by Matt Lynch Film Horizon Line

Green Zone — Paul Greengrass

March 29, 2010

“This is not a shortcut to the other side,” reads a sign on the wall of an occupied Baghdad palace during a particularly dull walk-n-talk scene in Paul Greengrass’s Green Zone. It’s there so visitors can find their way around the building, but clearly Greengrass means to imply that the American military seriously underestimated the job at hand in Iraq, that we’ve abdicated our real responsibilities in favor of platitudes and quick fixes now functioning mainly as damage control. It might as well read “You don’t have to be crazy to work here… but it helps!” for all the retroactive insight it provides. Set in 2003 — just after the outbreak of war in Iraq — Green Zone drops us in with Chief Warrant Officer Roy Miller (Matt Damon) and his squad, tasked with recovering WMD from Baghdad sites specified by U.S. intelligence. Trouble is, he keeps coming up with zilch. After his concerns about the intel’s quality are hastily dismissed by his superiors, Miller follows a tip from a disgruntled CIA agent (Brendan Gleeson) and discovers that the very reasons we went to war (to find weapons) were fabricated by an ambitious Defense Department suit (Greg Kinnear, who would be twirling his mustache, if he had one). Miller has to reveal the truth to the American people, even if doing so would be the greatest example of cinematic historical revision since Eli Roth emptied a machine gun into Hitler’s face. To make that seem a bit more palatable, Greengrass slathers the film in faux-doc realism — he casts real soldiers in most background rolls and shoots with his now trademark coked-up handheld style.

Call it the illusion of complexity. Making a film about the mistake party surrounding WMD in Iraq from six years out gives one every opportunity to bounce a lot of easy zingers off favorite targets. A disaffected military, a co-opted media, a corrupt intelligence apparatus, a fallen regime with zero infrastructure. All Greengrass had to do is pepper the film with familiar sound-bites like “shock and awe” or touchstone images like Arab men in hoods under arrest. His Green Zone is something akin to an action-thriller version of Shrek, where there weren’t necessarily jokes with punchlines, just pop-culture references doled out for you to recognize in the place of actual content. So early in the second act when Kinnear sees Bush’s famous Mission Accomplished speech and breaks out in an evil grin, we can all go, “Wow, that’s so true.” The entire point of a film like this is to get you to feel edified, yet Greengrass has the benefit of hindsight. There’s nothing at stake intellectually for him, or us. We all know what went down. There’s no argument to be made here, no fresh perspective. What we’re left with is something closer to one of Ridley Scott’s classed-up mega-thrillers like American Gangster and certainly Body of Lies. That’s not really a knock on Ridley, either; he’s no slouch, and he’d probably have had the balls to make a Green Zone that’s more shamelessly glossy and exciting while still releasing it in a timely fashion.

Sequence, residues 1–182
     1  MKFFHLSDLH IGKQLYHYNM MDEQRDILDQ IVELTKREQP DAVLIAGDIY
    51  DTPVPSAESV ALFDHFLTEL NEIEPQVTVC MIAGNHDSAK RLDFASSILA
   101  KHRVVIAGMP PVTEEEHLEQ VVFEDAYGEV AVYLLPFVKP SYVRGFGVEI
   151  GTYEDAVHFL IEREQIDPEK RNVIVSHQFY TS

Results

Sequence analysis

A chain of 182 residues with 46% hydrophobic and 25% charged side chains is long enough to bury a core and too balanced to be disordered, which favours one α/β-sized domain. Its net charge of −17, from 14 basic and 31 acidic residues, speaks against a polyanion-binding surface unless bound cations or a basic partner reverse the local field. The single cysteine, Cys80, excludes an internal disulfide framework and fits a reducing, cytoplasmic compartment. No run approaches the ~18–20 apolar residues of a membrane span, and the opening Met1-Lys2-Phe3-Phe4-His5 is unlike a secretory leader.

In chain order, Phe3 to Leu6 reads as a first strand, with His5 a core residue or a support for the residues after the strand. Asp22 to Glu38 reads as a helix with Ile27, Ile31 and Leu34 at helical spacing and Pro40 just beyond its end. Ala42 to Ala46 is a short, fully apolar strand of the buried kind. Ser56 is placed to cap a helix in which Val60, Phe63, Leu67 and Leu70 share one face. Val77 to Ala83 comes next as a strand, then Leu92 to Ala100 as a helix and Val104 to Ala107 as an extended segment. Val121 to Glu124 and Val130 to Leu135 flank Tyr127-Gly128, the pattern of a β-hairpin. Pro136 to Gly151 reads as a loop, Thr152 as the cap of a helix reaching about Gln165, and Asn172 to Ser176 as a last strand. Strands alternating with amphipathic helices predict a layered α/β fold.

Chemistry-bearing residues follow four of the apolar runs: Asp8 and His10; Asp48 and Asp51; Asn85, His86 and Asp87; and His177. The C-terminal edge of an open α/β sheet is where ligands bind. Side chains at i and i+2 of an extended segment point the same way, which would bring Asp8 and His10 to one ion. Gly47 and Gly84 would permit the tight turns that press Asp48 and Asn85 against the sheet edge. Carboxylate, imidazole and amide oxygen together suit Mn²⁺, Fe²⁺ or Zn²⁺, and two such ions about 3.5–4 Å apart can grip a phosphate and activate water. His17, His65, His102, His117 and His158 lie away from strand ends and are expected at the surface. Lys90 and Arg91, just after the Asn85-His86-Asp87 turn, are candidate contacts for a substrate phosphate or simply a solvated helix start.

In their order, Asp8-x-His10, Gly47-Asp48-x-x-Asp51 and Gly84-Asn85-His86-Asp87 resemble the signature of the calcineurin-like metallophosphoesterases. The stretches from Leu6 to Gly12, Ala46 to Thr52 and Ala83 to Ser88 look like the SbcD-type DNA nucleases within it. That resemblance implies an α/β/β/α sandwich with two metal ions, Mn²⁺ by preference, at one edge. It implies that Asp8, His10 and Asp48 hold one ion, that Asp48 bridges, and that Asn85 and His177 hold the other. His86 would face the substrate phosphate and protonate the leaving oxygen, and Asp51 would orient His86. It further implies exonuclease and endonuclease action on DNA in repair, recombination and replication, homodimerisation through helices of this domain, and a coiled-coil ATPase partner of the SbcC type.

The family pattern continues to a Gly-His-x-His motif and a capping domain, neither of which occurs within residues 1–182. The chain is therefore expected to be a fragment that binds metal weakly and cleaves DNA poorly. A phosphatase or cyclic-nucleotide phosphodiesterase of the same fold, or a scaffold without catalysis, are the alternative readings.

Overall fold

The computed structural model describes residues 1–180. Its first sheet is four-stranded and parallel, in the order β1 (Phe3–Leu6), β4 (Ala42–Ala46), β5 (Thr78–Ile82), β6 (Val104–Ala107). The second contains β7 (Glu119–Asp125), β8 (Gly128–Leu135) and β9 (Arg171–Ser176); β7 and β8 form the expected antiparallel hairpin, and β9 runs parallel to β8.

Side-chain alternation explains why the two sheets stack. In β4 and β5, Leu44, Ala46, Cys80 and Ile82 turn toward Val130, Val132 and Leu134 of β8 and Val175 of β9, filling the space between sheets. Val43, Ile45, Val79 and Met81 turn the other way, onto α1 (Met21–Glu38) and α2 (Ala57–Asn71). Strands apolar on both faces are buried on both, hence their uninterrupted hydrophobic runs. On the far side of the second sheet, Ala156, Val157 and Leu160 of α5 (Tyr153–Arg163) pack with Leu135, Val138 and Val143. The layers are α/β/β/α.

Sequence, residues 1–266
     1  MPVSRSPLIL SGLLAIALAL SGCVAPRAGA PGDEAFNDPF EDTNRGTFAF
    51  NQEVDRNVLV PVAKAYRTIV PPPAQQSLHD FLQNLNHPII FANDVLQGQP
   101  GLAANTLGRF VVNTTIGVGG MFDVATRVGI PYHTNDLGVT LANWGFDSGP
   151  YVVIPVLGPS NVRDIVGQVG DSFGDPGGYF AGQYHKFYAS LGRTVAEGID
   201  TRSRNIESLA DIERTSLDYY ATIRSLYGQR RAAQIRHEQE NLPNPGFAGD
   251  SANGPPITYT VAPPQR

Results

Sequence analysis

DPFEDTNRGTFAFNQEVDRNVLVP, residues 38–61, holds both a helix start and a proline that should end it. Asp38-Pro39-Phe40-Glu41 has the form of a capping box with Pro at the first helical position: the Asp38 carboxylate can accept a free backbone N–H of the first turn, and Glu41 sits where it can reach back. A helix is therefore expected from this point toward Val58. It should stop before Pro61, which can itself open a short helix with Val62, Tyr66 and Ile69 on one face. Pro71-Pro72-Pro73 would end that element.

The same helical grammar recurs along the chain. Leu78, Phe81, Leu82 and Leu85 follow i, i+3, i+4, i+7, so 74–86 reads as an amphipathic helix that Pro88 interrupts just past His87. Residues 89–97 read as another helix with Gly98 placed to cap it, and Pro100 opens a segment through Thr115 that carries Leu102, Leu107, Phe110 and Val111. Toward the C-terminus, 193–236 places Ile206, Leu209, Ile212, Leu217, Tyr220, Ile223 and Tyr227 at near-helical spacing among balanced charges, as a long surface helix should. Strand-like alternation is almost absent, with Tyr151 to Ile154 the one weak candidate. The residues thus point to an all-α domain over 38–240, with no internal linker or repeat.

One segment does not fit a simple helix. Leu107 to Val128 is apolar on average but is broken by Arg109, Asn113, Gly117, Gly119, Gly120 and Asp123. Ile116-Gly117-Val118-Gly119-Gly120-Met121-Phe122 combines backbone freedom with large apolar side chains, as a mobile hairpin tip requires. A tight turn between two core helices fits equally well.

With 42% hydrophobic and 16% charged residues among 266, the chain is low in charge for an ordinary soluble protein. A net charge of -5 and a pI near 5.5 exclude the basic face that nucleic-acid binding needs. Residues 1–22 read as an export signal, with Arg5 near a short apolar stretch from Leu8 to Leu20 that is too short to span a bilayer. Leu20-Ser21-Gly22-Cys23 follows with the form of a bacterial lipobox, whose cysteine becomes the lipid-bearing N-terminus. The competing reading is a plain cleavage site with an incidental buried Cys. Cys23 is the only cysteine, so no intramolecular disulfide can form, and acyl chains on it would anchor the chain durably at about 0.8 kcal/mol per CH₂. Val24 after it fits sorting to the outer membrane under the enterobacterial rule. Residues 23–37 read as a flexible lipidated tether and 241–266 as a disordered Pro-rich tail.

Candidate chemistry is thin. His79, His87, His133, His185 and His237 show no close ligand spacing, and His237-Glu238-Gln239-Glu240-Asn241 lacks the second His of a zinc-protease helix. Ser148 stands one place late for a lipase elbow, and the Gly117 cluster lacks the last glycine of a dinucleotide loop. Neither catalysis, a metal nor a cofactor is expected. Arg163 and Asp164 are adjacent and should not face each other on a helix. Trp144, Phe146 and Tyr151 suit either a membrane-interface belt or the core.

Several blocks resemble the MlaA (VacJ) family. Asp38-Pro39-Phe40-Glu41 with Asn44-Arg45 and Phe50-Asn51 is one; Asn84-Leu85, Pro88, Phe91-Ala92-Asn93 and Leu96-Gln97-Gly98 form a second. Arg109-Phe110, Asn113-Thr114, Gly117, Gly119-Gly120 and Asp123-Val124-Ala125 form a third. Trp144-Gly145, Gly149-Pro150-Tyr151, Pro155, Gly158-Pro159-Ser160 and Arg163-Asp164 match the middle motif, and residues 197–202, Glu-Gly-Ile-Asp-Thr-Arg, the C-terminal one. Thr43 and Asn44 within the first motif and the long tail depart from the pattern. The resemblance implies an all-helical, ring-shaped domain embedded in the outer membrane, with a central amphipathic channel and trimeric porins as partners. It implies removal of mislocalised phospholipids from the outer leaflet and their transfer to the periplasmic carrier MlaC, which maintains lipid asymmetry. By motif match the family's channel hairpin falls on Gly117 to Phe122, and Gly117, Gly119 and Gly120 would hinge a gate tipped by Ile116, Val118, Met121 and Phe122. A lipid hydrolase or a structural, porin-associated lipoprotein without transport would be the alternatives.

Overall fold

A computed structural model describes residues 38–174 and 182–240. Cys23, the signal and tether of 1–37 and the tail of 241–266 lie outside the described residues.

Still, Greengrass’s effort isn’t a complete failure. He does get a great deal of mileage out of some truly glorious production design; this Baghdad is a layered, frantic, evocative environment, and without falling back on repeated shots of guys with RPGs on rooftops or sneaky Arabs with machine guns around every corner. Here the atmosphere is one of disorganization rather than the out-and-out chaos still to come. There are even some sly but appropriate bits of product placement: a Burger King operating on a makeshift army base or a pallet of Pizza Hut cartons waiting to be unloaded. It’s a fleeting but authentic and effective reminder of just how much private money is also on the line. But that’s not enough. Frankly, the hectoring tone would be a lot easier to swallow if the movie delivered on its promise of a little Bourne in Iraq. I don’t know about anyone else, but watching Matt Damon stomp around killing people is what I came to see, even if it is in service of some truly facile material. And Greengrass’s jangly, “shaky-cam” style isn’t bothersome. Greengrass’s Bourne entries are truly thrilling. But there’s really not much in the way of action sequences, save for a lengthy foot chase towards the end that would have been a lot more effective had it not taken place at night. This style requires you to get as much visual orientation as you can in short bursts of time, and without a clear background in daylight, it’s easy to get lost in the rapid cuts.

Ultimately, Greengrass blows whatever argument he might have made here by portraying the whole WMD mess in the broadest sense of “a few bad apples.” Everyone was duped by Greg Kinnear, with the help of the media (who also get off easy with a final imperative to “get the story right this time” as Damon puts it), and now that that’s taken care of, we can get back to what we really came here for. Which is what, exactly?